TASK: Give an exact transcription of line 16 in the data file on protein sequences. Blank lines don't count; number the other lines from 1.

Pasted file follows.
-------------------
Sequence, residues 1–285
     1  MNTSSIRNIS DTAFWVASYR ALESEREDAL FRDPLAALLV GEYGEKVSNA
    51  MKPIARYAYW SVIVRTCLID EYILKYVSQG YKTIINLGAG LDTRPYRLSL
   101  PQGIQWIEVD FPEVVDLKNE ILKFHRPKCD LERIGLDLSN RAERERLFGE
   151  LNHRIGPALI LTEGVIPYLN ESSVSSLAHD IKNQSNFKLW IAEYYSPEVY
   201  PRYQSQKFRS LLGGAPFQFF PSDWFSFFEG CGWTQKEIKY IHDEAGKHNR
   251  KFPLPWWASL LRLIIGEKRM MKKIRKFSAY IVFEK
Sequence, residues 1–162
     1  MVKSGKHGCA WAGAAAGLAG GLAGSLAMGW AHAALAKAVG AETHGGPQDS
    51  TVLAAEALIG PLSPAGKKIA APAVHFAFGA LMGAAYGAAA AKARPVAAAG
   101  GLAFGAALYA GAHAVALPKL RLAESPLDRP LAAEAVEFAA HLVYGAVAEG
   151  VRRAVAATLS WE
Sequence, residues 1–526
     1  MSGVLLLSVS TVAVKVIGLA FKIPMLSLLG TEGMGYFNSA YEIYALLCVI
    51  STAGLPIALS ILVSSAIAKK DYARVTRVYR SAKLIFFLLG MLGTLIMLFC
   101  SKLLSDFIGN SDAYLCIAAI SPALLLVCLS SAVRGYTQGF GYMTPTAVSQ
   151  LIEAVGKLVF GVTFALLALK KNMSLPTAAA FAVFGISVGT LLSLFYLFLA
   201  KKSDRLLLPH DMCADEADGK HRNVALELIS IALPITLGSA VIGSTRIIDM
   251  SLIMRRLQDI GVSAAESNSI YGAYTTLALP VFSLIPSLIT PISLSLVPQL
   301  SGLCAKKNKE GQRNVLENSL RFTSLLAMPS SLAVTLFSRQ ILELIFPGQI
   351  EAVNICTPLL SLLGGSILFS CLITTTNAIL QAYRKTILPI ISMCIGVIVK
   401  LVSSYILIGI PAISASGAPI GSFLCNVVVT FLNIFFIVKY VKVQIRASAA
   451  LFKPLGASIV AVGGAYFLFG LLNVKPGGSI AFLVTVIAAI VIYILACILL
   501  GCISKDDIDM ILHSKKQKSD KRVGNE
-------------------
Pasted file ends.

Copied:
   101  SKLLSDFIGN SDAYLCIAAI SPALLLVCLS SAVRGYTQGF GYMTPTAVSQ